[25] wrote that erosion and sediment dynamics play a key role in the functioning of the earth system and have important implications for human exploitation of the system and the sustainable use of its natural resources. They must therefore be seen as having a highly significant socioeconomic dimension. Soil erosion is integrally linked to land degradation, and excessive soil loss resulting from poor land management has important implications for crop productivity and food security and thus for the sustainable use of global soil resource. Against this background, changes in erosion rates and sediment transport by the world’s rivers can have significant repercussions at a range of levels.

From a global perspective, changes in erosion rates have important implications for the global soil resource and its sustainable use for food production. Changes in land–ocean sediment transfer will result in changes in global biogeochemical cycles, particularly in the carbon cycle, since sediment plays an important role in the flux of many key elements and nutrients, including carbon. At the regional and local levels, changes in erosion rates can have important implications for the sustainability of agricultural production and food security. Equally, changes in the sediment load of a river can give rise to numerous problems. For example, increased sediment loads can result in accelerated rates of sedimentation in reservoirs, river channels, and water conveyance systems, causing problems for water resource development, and adverse impacts on aquatic habitats and ecosystems. Conversely, reduced sediment loads can result in the scouring of river channels and the erosion of delta shorelines as well as causing reduced nutrient inputs into aquatic and riparian ecosystems, particularly lakes, deltas, and coastal seas [26]. Because of their close links to land cover, land use, and the hydrology of a river basin, erosion and sediment transport processes are sensitive to changes in climate and land cover and to a wide range of human activities. These include forest cutting and land-clearance, the expansion of agriculture, land use practices, mineral extraction, urbanization and infrastructural development, sand mining, dam and reservoir construction, and programs for soil conservation and sediment control [27].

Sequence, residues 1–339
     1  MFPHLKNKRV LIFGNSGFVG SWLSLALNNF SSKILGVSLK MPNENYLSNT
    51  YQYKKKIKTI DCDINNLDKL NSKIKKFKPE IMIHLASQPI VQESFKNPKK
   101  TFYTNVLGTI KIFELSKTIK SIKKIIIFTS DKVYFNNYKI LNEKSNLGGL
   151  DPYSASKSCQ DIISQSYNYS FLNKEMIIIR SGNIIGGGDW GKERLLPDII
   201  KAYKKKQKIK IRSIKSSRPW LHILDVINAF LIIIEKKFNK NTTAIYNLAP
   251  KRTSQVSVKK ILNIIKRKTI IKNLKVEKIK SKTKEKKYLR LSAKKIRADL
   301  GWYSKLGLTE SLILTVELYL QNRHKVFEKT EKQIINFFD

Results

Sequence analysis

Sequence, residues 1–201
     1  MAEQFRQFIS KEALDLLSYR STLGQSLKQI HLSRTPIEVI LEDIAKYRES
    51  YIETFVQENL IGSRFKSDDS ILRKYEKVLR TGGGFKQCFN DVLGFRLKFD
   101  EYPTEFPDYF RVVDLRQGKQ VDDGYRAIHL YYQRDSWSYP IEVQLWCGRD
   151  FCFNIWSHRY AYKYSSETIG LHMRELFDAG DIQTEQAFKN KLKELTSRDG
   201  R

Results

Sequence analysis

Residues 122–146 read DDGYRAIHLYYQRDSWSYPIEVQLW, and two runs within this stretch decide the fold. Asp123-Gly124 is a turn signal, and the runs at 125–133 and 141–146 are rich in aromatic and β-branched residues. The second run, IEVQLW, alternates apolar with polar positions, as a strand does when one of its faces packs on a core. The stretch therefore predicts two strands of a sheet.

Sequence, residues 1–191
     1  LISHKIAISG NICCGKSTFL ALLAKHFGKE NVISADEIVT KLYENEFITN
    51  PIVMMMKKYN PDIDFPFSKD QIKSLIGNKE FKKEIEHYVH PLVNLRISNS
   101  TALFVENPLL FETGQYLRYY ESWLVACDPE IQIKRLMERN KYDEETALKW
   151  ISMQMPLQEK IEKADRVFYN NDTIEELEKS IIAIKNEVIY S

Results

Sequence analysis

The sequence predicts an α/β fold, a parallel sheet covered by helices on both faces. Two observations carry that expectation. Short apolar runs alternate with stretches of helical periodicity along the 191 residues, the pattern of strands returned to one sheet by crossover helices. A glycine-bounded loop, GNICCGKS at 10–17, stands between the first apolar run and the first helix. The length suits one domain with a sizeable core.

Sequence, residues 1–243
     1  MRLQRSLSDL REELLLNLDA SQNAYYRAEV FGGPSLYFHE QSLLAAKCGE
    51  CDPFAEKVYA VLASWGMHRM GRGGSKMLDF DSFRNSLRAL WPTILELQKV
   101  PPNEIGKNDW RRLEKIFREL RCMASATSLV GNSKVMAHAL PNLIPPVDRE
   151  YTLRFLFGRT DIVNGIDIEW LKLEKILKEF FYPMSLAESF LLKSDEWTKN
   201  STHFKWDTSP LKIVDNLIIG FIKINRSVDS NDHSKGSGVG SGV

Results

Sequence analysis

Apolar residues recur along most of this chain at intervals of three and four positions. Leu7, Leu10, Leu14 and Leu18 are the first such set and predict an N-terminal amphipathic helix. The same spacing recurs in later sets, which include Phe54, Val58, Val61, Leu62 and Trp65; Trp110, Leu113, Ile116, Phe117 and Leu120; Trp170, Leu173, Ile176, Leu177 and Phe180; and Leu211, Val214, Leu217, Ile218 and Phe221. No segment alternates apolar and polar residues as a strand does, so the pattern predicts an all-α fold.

5. Impact of dams on trapping sediments

At the heart of the current debate on dams is the way choices are made, and the different opinions and perspectives that are expressed – or denied expression – in the process. The World Commission on Dams considers that the end of any dam project must be the sustainable improvement of human welfare. This means a significant advance of human development on a basis that is economically viable, socially equitable, and environmentally sustainable. If a large dam is the best way to achieve this goal, it deserves our support. Where other options offer better solutions, we should favor them over large dams. Thus, the debate around dams challenges our view of how we develop and manage our water resources. Large dams have fragmented and transformed the world’s rivers. The World Resources Institute (WRI) found that at least one large dam modifies 46% of the world’s 106 primary watersheds. The extent to which river flows have been changed varies around the world. The United States and the European Union regulate the flow of 60–65% of the rivers in their territories, though the amount varies from basin to basin. Spain has 53 km3 of storage behind large dams and regulates 40% of its river flow, varying from 71% in the Ebro River basin, to 11% in the basins on the Galicia coast. In Asia, just under half of the rivers that are regulated have more than one large dam [28].

[2] reported that globally, greater than 50% of basin-scale sediment flux in regulated basins is potentially trapped in artificial impoundments. If we consider both regulated and unregulated basins, the interception of global sediment flux by all registered reservoirs (≅45000) is conservatively placed at 4–5 Gt year-1 or 25–30% of the total. There is an additional but unknown impact due to still smaller unregistered impoundments (≅800000). The [2] results demonstrate that river impoundment should now be considered explicitly in global elemental flux studies, such as for water, sediment, carbon, and nutrients. From a global change perspective, the long-term impact of such hydraulic engineering works on the world’s coastal zone appears to be significant but has yet to be fully elucidated.